NASA's Tropical Rainfall Measuring Mission satellite, known as TRMM has been monitoring the rainfall rates within Tropical Storm Isaac as the storm entered the eastern Caribbean Sea.
After becoming a tropical storm in the central Atlantic on August 21, Isaac continued tracking westward and entered the eastern Caribbean early on the evening of Aug. 22 with the ill-defined center passing just south of Guadeloupe in the Leeward Islands. Since becoming a tropical storm, Isaac has shown little change in intensity, but the National Hurricane Center expects that to change over the weekend of Aug. 25-26, 2012.
NASA's TRMM Satellite Sees Heavy Rainfall
NASA's TRMM satellite saw Isaac just after the storm passed the Leeward Islands and entered the eastern Caribbean. TRMM captured an image of Isaac's rainfall at 21:20 UTC (5:20 p.m. EDT) August 22, 2012. Although there were areas of moderate to heavy rain, they were mainly located southwest of the overall center. Isaac still showed no sign of an eye with very little rain near the overall center, which was located near 16 North latitude and 61.2 West longitude. There was also not much banding (curvature) in the rain features. Overall, those characteristics indicated that Isaac is still not well organized. At the time TRMM passed over Isaac, it was still a weak tropical storm with sustained winds estimated at 40 knots (~46 mph) and was moving due west at 22 mph (35.4 kmh). TRMM is a joint mission between NASA and the Japanese space agency JAXA.
NASA's Aqua Satellite Sees Isaac's Large Reach
On Aug. 23, 2012 as 1:40 p.m. EDT NASA's Aqua Satellite flew over Tropical Storm Isaac the Moderate Resolution Imaging Spectroradiometer (MODIS) instrument captured a visible image of the storm as it continued moving through the eastern Caribbean Sea. The visible image showed the large extent of Tropical Storm Isaac. Isaac's tropical storm-force winds extend 185 miles (297.7 km) from the center, making the storm about 370 miles (595.5. km) in diameter. For a high resolution image from MODIS, go to: http://tinyurl.com/9ud87kz.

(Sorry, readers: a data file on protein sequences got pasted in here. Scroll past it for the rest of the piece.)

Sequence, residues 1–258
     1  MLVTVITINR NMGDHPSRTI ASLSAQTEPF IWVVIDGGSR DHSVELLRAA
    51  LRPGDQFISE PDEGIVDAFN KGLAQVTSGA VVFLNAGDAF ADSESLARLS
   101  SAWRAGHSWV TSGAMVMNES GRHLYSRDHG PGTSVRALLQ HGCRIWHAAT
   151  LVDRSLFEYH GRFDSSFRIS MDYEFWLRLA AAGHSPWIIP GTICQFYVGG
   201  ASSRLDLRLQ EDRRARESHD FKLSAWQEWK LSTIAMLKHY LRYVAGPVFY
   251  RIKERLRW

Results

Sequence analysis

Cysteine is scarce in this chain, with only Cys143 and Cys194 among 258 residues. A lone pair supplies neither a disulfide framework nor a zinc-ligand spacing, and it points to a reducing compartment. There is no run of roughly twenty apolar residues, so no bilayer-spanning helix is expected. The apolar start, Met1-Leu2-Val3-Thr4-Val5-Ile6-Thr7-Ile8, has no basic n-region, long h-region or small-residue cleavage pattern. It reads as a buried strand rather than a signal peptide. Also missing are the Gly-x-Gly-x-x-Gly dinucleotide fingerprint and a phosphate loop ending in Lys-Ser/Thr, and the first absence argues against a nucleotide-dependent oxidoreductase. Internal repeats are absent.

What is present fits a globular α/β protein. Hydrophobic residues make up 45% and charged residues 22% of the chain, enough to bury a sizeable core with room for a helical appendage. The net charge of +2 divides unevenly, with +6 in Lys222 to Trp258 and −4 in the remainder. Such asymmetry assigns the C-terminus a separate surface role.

Watches and Warnings
On Aug. 24, NOAA's National Hurricane Center (NHC) many watches and warnings were in effect as Isaac continued to slowly build up steam. A Hurricane Watch is in effect for Haiti. A Tropical Storm Warning is in effect for Dominican Republic, Haiti, and the Cuban Provinces of Camaguey, Las Tunas, Granma, Holguin, Santiago De Cuba, and Guantanamo. The Tropical Storm Warning is also in effect for the southeastern Bahamas including the Acklins, Crooked Island, Long Cay, the Inaguas, Mayaguana, and the Ragged Islands, and the Turks and Caicos Islands.
A Tropical Storm Watch is in effect for the Cuban Provinces of Ciego De Avila, Sancti Spiritus, and Villa Clara, Andros Island and the Central Bahamas including Cat Island, the Exumas, Long Island, Rum Cay, San Salvador and Jamaica.
On Aug. 24 at 8 a.m. EDT (1200 UTC) Tropical Storm Isaac's maximum sustained winds were near 50 mph (80 Kmh) with higher gusts. Additional strengthening is forecast while Isaac's center remains over water, according to NHC forecasters. Issac was about 175 miles (280 km) south-southwest of Santo Domingo, Dominican Republic, and about 220 miles (355 km) southeast of Port au Prince, Haiti. That puts Isaac's center near latitude 16.0 north and longitude 70.3 west. Isaac is moving toward the west near 15 mph (24 kmh) and the NHC expects Isaac to turn west-northwest, then north. According to NHC forecasters, Isaac's center will move near or over Hispaniola today, Aug. 24 and near or over southeastern Cuba on Saturday, Aug. 25.
The heavy rainfall that the TRMM satellite observed is expected to be problematic for Hispaniola and Cuba. The NHC expects extreme rainfall totals of between 8 and 12 inches, with isolated amounts to 20 inches. The potential for flash-flooding and mudslides is present. Eastern Cuba and Jamaica may receive between 4 and 8 inches with isolated totals of 12 inches, while Puerto Rico and the Virgin Islands may get between 2 and 4 inches of rainfall, with isolated totals to 6 inches. Tropical storm-force winds, heavy surf and storm surges are also expected in those areas as Isaac continues on its track. For a full forecast, go to NHC's web page: www.nhc.noaa.gov.